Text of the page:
How to Build Emergency Wilderness Survival Shelters


Construct a Survival Shelter




© copyright 2004 2012, by Gary Benton

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The weather had changed quickly. The once clear sky was now filled with dark moving clouds and large flakes of snow had started falling over an hour ago. When I had started my hunt earlier that day the weather had been perfect. I shuddered as I realized I would not have time to find the truck before darkness fell. It looked like I would have to spend the night in the bush. Nonetheless, spending the night was much safer than meandering around in the dark woods with snow falling. As tired as I was, I knew what had to be done.


My first step was to get organized before it became dark. While it is possible to establish an emergency campsite in the dark, it is much more difficult. Plus, with bad weather approaching it was important that I find all the dry firewood I could, and quickly.


Looking around, I was able to find a spot in a group of oak trees that was pretty much out of the wind. I made sure there was no dead tree limbs overhead that could fall on me during the night.


I quickly gathered up kindling for the fire, as well as a full nights worth of firewood. I knew the night would be cold, so I added a little more to the pile than I would usually have. I scraped the snow off the ground, dug a small fire pit, and started a fire. I filled my metal canteen cup with water and put it to boil near the fire as I started on other chores.


Snow was falling faster now as I opened my backpack and took out a poncho and a roll of nylon cord, approximately twenty feet. I tired the cord between two tree trunks and then draped the front of the poncho over the cord. Using the grommets on the poncho, I secured the poncho to the line. I then used sharpened stakes to pin the other end of the poncho to the ground. I now had a shelter from the snow and what little wind that was blowing.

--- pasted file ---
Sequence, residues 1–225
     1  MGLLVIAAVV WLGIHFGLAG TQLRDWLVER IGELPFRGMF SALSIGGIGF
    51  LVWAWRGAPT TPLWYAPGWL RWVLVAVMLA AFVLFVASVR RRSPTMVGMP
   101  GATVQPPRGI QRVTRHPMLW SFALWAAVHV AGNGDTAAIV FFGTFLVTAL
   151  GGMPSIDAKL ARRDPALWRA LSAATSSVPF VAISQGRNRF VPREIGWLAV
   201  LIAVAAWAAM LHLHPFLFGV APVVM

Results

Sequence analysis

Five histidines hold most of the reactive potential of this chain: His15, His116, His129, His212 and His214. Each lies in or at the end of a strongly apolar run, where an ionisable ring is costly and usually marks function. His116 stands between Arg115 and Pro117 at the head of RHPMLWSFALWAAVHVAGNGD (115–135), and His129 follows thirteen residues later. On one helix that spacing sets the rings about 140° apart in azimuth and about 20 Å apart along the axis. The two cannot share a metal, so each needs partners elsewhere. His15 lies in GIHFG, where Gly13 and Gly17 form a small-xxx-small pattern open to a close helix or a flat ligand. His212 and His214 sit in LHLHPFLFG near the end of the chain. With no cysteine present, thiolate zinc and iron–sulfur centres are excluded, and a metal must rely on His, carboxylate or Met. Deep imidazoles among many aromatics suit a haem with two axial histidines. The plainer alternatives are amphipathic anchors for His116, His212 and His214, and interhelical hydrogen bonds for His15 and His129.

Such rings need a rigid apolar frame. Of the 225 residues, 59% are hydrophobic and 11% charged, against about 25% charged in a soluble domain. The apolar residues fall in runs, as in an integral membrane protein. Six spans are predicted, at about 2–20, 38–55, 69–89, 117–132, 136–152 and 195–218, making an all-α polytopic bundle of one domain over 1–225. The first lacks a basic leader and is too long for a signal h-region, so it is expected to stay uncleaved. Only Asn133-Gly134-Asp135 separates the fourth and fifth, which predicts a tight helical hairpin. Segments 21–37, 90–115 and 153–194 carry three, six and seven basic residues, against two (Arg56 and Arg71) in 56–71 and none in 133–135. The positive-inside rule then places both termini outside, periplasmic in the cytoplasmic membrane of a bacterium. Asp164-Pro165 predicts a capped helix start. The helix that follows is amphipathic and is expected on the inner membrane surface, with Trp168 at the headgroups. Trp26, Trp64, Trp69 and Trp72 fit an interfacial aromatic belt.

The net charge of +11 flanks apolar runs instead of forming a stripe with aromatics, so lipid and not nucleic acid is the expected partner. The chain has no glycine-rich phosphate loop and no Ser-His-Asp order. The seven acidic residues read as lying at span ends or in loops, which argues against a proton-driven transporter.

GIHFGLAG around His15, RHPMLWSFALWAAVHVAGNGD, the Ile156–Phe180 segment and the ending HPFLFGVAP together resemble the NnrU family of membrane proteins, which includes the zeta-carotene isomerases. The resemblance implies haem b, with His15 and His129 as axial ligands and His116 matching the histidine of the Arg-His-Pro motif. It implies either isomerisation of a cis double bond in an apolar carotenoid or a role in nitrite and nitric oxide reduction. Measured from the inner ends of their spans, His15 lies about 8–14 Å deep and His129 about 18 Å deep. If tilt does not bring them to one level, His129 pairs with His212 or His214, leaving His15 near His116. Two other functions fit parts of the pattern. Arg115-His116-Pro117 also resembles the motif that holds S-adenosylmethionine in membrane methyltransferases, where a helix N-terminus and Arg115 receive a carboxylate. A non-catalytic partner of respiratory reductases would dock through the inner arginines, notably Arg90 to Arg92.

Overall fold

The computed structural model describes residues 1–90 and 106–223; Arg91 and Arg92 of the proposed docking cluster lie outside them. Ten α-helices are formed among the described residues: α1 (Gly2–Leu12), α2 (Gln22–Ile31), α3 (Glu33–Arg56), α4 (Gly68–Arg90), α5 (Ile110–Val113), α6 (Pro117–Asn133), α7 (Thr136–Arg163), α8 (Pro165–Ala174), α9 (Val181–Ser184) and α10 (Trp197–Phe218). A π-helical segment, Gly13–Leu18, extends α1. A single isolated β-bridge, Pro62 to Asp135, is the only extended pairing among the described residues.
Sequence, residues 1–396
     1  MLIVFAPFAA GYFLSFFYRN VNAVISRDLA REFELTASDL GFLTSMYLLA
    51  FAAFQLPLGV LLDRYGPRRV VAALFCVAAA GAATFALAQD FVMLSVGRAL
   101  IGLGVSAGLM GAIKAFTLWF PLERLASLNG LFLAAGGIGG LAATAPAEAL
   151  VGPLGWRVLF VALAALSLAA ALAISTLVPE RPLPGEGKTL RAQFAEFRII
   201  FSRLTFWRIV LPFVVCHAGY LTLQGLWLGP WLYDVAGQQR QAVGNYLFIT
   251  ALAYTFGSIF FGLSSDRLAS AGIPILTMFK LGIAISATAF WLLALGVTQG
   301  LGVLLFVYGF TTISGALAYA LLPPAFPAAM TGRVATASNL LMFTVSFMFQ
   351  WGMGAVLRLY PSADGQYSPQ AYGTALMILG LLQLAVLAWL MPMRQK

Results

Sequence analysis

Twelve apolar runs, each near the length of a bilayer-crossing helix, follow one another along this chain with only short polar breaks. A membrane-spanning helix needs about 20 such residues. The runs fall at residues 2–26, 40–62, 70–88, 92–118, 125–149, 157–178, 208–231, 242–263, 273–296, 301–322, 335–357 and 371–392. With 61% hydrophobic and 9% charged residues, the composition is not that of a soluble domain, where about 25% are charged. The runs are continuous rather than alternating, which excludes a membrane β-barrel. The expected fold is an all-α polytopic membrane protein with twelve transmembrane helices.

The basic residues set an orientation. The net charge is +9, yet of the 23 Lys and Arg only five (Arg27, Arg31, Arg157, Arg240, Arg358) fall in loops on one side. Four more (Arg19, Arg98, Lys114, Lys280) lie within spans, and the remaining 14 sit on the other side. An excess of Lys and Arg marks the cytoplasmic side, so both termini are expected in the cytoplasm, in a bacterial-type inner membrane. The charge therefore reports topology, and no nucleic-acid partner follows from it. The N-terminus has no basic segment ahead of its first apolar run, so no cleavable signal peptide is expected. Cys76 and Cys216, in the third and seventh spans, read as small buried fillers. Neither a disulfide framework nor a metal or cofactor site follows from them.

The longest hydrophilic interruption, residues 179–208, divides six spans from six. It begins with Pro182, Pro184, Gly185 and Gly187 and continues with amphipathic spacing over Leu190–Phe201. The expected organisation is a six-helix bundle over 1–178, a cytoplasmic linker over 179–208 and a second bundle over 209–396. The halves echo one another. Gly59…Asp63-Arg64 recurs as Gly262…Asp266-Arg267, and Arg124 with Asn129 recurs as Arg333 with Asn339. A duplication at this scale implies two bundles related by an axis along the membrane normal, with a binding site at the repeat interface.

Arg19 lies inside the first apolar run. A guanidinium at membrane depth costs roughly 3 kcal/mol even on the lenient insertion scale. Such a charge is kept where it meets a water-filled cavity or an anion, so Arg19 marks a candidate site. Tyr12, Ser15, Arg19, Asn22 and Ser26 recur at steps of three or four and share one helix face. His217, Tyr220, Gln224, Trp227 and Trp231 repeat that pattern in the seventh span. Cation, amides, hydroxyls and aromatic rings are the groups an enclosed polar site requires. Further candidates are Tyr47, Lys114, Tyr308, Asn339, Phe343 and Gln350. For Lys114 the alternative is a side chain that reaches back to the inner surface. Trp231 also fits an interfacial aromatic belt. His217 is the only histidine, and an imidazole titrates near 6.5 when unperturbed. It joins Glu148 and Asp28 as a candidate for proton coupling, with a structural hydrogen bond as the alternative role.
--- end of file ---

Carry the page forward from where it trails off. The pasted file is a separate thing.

While survival was not longer an issue, I wanted a little comfort to go along with my evening in Mother Nature’s hotel. In just a few minutes I have removed some green cedar boughs from nearby trees and had placed them inside my shelter. To keep the boughs from irritating my skin, and making sleep more difficult, I covered them with my space blanket. The boughs would form a rough mattress for my nights sleep and insulate me from the cold ground.


Since I always carry a survival kit, containing foods and emergency supplies, I was prepared for the evening. I soon had a cup of coffee and a banquet of dehydrated stew (dehydrated meals are light and inexpensive to carry). I finished my meal with a piece of hard candy, which I knew was not only a treat, but also a way to increase my body heat. I felt much better with the fire burning, a hot meal inside of me, and a shelter behind me. I was content.


As soon as the meal was done, I picked up my cell phone and called my wife. I informed her that I would not be home that night, explained why, and told her exactly where I was, or as near as I figured I was. I further informed her I was safe, had a shelter, and would call her in the morning as soon as I reached the truck. I did this to avoid a search and rescue mission being call to look for me and to give her peace of mind.


The next morning dawned clear and bright, with snow covering the landscape. In less than an hour I had reached the truck, called my wife, and on my way. Not a bad situation at all, if you are prepared.




Emergency Survival Shelters



Gary Benton has over 45 years of outdoor experience in camping, hiking, fishing, and other activities. He's no armchair survival man, he's walked the walk from the arctic to the desert and all the area in between. Gary has an associates degree in Search and Rescue, Survival Operations, a B.S. in Industrial Occupational safety, and all but his thesis completed for a M.S. in Counseling Psychology.
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